Zatoichi, the blind masseur, gambler, and scamp swordsman, is obviously beloved. How else to you explain that after a over a decades worth of films (26 total), being shuffled to another studio, and in the face of waning box office receipts, in 1974, Shintaro Katsu and his signature character moved onto tv screens for nearly 100 episodes of Zatoichi The Blind Swordsman aka. Zatoichi Monogatari. Obviously, what that amounts to is a very endearing character.
Reviews of volumes One, Two, Three, Four, and Five.
Episode 22: "Song of the Father and Son". Ichi meets a kid named Sennosuke, who helps Ichi get a room in a town busy and crowded because of a fair. Sennosuke is ashamed of his father, a former constable now working as a strong-arm for the local gang. The gangs leader, Boss Genzo, gives the innkeeper a loan and convinces the innkeeper to use his inn and daughter as collateral. Using a loophole in their agreement (basically, not being home at the time the innkeeper is supposed to repay his debt), Genzo snatches away everything the poor man holds dear which forces him to commit suicide. Ichi must gamble and fight to win the girls freedom, and, in the end, Sennosuke's father also has to decide his true allegiance- to his employer or to what is morally right.
Episode 23: "Suicide Song of Lovers". In this pretty dour, doomed romance episode, Sawa is a blind shamizen player who travels with her sister and would-be lover Sahachi. Sawa has been ostracized for having an affair with Sahachi, who was the son of her benefactor. Now the trio travels trying to make a living while bearing the mark of dishonor.* To make matter worse, they are also being trailed by a swordsman with ill-intentions. Ichi sticks to the shadows in this episode but the snowbound locations and excellent bleak storyline make it well worth your time.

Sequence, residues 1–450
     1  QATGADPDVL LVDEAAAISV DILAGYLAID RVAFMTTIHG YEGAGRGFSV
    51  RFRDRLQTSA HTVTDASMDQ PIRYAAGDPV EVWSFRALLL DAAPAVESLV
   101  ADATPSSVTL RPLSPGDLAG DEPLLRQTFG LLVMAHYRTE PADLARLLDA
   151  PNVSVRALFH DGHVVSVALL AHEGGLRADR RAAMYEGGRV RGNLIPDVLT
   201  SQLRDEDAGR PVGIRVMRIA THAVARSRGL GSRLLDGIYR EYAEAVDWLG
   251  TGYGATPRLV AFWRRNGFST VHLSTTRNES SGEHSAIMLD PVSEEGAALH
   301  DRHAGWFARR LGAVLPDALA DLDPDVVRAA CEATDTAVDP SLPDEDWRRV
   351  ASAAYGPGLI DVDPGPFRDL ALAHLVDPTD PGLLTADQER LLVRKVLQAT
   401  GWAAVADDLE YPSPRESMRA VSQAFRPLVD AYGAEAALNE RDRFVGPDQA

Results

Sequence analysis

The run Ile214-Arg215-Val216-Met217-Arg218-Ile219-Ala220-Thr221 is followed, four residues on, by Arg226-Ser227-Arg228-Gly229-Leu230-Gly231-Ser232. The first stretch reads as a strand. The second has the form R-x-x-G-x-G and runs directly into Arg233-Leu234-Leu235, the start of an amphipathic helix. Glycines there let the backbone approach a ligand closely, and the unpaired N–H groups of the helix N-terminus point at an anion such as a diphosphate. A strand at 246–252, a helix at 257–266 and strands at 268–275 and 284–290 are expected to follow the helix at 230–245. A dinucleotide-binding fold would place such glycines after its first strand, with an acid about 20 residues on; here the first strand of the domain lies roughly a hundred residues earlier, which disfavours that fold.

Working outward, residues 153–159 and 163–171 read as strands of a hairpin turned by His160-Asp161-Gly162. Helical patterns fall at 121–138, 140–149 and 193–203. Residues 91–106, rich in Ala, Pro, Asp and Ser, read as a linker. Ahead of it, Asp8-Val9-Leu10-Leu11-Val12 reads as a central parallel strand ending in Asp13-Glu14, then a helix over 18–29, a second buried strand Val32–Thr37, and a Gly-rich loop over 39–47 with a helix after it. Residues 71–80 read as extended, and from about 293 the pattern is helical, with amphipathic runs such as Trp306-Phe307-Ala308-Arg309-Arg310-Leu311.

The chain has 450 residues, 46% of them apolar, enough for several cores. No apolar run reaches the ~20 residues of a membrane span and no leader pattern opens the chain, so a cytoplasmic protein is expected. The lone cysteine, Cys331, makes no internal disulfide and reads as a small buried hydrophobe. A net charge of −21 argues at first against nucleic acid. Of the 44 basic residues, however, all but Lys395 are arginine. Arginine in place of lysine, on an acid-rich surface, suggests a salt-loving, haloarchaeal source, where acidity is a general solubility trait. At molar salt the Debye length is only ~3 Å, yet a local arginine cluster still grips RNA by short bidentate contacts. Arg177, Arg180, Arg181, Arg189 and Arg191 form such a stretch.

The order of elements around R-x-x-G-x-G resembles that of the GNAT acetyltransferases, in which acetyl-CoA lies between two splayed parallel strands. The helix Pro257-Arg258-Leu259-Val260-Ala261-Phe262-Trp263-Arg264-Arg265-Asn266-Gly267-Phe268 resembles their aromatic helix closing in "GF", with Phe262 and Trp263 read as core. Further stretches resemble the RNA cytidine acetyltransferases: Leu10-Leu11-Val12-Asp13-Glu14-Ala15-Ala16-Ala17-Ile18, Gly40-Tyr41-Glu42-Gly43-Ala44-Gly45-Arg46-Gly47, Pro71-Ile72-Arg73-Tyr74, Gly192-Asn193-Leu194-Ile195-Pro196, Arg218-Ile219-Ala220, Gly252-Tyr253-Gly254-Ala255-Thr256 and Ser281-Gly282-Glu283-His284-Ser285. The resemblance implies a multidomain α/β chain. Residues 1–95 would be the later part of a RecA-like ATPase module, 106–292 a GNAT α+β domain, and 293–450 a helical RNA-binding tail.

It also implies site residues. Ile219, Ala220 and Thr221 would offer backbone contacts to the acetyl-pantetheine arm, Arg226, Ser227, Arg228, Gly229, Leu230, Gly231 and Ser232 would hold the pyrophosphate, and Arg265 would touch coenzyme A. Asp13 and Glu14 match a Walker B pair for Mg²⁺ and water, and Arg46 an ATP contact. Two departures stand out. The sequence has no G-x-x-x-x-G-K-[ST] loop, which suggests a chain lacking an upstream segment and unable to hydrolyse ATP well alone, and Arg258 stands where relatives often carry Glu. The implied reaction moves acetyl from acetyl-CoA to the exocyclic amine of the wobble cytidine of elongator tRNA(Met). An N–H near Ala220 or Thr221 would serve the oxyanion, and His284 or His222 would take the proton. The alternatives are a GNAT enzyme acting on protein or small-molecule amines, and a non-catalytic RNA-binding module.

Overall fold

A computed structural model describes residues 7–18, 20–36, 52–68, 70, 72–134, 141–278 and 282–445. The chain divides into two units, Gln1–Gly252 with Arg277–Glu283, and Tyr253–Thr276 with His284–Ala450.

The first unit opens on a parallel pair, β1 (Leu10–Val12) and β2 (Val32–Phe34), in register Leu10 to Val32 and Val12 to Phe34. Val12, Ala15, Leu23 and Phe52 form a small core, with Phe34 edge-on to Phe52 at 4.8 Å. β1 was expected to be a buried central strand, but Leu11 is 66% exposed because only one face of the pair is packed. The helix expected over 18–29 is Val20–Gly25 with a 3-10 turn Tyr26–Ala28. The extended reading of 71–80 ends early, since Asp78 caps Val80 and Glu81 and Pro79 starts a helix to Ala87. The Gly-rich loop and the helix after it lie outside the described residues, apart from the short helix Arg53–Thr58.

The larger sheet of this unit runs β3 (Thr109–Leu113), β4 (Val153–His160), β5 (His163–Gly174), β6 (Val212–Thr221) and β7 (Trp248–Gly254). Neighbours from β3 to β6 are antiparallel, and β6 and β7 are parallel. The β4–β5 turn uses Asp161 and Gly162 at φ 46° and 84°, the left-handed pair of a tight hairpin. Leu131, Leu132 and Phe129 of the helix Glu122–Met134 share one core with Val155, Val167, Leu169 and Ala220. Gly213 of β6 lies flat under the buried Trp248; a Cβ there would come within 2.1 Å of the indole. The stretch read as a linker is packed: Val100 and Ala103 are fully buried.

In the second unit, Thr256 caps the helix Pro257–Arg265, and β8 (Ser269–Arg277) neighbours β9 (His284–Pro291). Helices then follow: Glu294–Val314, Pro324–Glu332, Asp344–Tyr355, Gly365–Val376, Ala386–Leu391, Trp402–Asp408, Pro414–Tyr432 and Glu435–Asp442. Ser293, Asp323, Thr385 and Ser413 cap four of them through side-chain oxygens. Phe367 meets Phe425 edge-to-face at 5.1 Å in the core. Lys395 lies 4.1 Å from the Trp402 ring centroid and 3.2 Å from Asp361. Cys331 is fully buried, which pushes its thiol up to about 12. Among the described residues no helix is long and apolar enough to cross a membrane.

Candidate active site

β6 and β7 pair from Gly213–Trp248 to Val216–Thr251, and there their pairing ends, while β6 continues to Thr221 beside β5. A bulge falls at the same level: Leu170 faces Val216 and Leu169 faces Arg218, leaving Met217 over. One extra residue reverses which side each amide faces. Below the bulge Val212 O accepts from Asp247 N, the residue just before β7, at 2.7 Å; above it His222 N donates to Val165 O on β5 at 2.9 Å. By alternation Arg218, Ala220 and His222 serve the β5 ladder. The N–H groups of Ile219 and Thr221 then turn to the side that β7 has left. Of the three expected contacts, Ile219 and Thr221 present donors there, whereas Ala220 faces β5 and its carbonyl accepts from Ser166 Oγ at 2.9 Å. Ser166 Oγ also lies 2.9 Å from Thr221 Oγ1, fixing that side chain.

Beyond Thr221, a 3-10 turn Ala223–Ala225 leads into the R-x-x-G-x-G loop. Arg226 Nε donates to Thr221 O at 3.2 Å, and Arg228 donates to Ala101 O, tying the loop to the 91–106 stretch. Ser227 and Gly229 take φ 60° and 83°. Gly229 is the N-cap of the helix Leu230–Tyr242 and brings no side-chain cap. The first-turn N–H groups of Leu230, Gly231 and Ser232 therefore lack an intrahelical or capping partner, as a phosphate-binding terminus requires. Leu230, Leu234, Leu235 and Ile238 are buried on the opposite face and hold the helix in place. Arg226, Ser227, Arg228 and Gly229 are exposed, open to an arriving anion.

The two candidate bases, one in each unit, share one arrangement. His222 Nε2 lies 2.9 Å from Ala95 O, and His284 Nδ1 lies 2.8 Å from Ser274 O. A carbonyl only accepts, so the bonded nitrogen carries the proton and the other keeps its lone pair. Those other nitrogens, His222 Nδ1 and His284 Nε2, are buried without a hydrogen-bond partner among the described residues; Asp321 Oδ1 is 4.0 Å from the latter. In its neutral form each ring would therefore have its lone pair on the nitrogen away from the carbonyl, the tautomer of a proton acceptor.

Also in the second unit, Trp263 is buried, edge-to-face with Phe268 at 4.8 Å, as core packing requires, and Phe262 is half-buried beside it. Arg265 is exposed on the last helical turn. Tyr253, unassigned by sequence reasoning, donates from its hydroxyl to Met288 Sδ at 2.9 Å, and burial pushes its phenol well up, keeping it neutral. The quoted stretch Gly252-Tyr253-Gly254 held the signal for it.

*You'll have to forgive me if I'm a little vague about the whole shamizen player etiquette/cultural rules. I could have used some liner notes for this one to understand the whole "lone shamizen" scorning. I did half-heartedly try a few Google searches to no avail. If anyone can provide any insight, email me.
Episode 24: "The Coming of Spring". Omitsu Naruyima is the spoiled daughter of a wealthy silk merchant. Omitsu travels with a group of chaperones to a temple to pray for her fathers health. One of her subordinates tells her one of her nannies/childhood servants is in her waning days living in a nearby village, and Omitsu insists that they visit her, but the escorts warn that it is too dangerous. Omitsu, stubborn and naive in the ways of commoners, takes off on her own and gets Ichi as a protector/guide. But, it ends up that a gang has been tailing her, waiting for an oppotunity to kidnap her and demand a ransom. After Omitsu is taken away by a slick conwoman looking to sell the insolent silk heir to the gangsters, Ichi must come to the rescue.
Episode 25: "Way of the Yakuza". Lifelong friends Ginpei and Shinza are the remaining two members of the Shouten family. Their gang has been left in tatters after Ichi killed their leader so the two swear revenge. Once their mission is over, Shinza is also looking forward to marrying Ginpei's sister, Osode. When they do find Ichi, he tries to talk them out of a fight, mainly by pointing out that their leader was a scumbag, but the two will not budge in their sense of honor. The local gangs in the area have caught wind of the twosomes plan at redeeming Shouten's name, and they want to put a stop to it so they can proceed with gobbling up the defunct gangs territory.